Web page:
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This book is about the literary representation of selfhood in the Modernist period. It explores developments and interrelationships within a twentieth-century discourse about the self which is both specialised and experimentalist. It is concerned with new ways of representing self-experience in both fiction and poetry, all of which are construed as part of a shared ongoing project. So implied in the discussion will be one kind of description of Modernism itself: Modernism in literature was a movement that radically probed the nature of selfhood and problematised the means whereby ‘self’ could be expressed. This phenomenon may be most easily evidenced in terms of key instances: Conrad’s Lord Jim and Eliot’s Prufrock; James’s Lambert Strether and Pound’s Hugh Selwyn Mauberley; Joyce’s Leopold Bloom and Woolf’s Mrs Dalloway; Ford’s Christopher Tietjens and Jones’s John Ball; Eliot’s ‘Tiresias’2 and Pound’s Ego Scriptor.3 Each instance signifies a literary site where the complexities of self-experience and the problems of their expression are activated and engaged. It is clear that such literary exploration did not take place in a vacuum: a variety of factors are involved in the phenomenon — most obviously, the general diffusion of social alienation, the rise of the psychoanalytic movement, the disorientation brought about by the shock of the Great War and the increasing experimentalism of almost all the contemporary artistic movements.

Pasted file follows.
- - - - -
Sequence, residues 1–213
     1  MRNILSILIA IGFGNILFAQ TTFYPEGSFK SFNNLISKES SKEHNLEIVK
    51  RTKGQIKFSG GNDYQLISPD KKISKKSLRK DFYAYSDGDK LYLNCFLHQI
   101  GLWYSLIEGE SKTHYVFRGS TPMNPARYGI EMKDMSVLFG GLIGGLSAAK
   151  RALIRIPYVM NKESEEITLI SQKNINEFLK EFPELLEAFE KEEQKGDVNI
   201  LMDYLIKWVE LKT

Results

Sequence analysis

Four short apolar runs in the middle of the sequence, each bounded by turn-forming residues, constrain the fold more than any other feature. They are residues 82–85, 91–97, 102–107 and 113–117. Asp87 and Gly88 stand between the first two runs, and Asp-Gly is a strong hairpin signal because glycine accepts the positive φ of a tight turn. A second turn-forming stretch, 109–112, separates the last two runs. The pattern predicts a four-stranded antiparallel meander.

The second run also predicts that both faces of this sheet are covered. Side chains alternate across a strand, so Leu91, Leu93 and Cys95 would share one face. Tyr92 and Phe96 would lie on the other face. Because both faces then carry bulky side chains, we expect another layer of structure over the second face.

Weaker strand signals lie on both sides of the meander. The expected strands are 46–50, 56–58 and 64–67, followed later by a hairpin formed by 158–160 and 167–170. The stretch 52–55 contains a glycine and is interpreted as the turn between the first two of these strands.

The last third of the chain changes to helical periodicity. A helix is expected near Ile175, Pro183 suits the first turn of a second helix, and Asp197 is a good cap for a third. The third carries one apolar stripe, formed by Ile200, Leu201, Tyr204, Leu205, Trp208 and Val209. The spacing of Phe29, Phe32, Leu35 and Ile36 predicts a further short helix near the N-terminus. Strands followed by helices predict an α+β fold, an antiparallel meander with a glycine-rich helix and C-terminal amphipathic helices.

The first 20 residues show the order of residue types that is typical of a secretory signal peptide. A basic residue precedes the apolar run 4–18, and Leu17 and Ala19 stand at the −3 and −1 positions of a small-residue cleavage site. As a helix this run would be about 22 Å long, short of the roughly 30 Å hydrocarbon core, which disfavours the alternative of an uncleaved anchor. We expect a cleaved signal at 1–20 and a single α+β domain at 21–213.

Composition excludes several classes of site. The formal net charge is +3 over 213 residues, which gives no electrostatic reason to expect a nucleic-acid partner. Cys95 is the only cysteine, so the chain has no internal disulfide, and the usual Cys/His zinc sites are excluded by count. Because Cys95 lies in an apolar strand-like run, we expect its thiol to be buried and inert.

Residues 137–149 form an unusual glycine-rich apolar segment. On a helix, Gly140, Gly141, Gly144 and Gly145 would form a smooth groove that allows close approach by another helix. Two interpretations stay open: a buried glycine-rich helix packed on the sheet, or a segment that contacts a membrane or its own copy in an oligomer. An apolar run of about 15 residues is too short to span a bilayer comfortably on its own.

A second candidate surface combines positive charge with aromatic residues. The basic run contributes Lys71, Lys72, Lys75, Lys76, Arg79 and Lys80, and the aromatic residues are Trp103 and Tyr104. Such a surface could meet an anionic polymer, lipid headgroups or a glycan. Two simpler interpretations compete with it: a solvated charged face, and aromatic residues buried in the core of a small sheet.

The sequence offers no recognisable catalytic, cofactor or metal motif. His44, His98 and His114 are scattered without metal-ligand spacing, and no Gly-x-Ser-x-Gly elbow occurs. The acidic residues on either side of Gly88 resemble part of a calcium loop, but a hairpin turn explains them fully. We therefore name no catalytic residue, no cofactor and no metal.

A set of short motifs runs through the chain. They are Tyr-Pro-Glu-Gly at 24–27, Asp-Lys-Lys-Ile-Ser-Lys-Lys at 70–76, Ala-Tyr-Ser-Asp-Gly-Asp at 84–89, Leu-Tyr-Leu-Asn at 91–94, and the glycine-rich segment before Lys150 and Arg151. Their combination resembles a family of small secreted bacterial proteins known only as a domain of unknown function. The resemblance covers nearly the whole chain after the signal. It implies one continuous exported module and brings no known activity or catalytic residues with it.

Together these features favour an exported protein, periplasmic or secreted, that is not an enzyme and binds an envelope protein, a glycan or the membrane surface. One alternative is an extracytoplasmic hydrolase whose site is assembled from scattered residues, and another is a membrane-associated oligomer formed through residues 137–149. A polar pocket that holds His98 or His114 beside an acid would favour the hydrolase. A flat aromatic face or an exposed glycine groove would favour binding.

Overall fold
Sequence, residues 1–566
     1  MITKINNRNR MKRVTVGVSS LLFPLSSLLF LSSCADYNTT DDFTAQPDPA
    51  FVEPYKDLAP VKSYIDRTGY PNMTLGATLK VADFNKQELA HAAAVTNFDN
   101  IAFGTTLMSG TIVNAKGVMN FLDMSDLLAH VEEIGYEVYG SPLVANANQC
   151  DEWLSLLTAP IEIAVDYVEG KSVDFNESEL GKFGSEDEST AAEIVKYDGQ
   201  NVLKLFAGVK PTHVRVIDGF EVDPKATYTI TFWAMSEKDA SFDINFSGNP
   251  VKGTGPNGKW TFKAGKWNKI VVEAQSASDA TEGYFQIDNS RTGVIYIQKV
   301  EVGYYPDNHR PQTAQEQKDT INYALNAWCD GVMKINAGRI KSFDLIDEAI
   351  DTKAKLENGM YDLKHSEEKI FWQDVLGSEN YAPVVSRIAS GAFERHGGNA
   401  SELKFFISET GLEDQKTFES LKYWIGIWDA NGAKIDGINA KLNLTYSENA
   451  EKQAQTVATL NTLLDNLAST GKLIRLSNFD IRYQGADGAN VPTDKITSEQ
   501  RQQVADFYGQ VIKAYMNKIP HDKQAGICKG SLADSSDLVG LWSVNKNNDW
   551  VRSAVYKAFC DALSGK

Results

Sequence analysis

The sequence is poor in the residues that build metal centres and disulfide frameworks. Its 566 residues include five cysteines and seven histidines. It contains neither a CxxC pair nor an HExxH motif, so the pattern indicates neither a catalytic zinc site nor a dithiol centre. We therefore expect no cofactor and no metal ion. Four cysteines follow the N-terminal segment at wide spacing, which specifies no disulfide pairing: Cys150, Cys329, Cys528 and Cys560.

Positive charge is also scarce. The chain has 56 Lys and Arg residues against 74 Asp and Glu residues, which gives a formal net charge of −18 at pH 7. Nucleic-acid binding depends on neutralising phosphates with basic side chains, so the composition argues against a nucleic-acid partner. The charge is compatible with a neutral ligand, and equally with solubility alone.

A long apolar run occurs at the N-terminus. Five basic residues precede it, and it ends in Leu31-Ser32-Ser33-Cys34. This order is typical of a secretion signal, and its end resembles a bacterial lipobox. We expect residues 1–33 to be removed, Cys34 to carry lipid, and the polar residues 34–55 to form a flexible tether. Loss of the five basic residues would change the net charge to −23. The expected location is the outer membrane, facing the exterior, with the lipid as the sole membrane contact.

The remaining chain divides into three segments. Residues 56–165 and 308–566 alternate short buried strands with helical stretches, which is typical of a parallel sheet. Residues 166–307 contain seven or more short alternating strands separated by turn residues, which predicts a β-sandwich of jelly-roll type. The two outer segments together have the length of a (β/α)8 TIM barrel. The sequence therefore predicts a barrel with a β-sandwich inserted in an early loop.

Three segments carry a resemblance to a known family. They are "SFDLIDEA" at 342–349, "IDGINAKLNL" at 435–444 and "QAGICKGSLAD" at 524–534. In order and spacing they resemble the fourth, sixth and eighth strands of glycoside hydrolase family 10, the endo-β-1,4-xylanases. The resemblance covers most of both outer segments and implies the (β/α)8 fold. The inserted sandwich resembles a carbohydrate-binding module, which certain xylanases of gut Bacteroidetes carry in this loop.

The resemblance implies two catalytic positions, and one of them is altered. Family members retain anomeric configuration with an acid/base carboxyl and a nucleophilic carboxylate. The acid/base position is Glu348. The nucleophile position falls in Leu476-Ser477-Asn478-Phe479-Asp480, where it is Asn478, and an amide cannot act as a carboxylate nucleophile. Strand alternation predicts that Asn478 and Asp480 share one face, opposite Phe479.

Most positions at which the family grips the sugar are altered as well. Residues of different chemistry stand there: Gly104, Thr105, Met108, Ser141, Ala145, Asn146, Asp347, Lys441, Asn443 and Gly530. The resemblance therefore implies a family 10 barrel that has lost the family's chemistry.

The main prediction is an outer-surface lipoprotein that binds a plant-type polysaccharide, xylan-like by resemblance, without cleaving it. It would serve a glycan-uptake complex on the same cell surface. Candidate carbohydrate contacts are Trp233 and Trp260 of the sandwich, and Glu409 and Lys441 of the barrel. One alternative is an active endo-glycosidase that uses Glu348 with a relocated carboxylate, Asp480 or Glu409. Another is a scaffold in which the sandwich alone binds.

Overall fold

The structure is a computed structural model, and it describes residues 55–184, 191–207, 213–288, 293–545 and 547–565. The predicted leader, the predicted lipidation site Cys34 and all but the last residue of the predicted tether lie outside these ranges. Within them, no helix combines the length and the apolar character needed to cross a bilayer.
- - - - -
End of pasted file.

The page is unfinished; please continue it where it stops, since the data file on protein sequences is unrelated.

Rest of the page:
KeywordsLiterary Discourse Social Alienation Modernist Discourse Literary Site Linguistic Awareness
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- 4.‘The point of view which I am struggling to attack is perhaps related to the metaphysical theory of the substantial unity of the soul’. T. S. Eliot, Selected Essays (Faber and Faber, 1958 ), p. 19.Google Scholar
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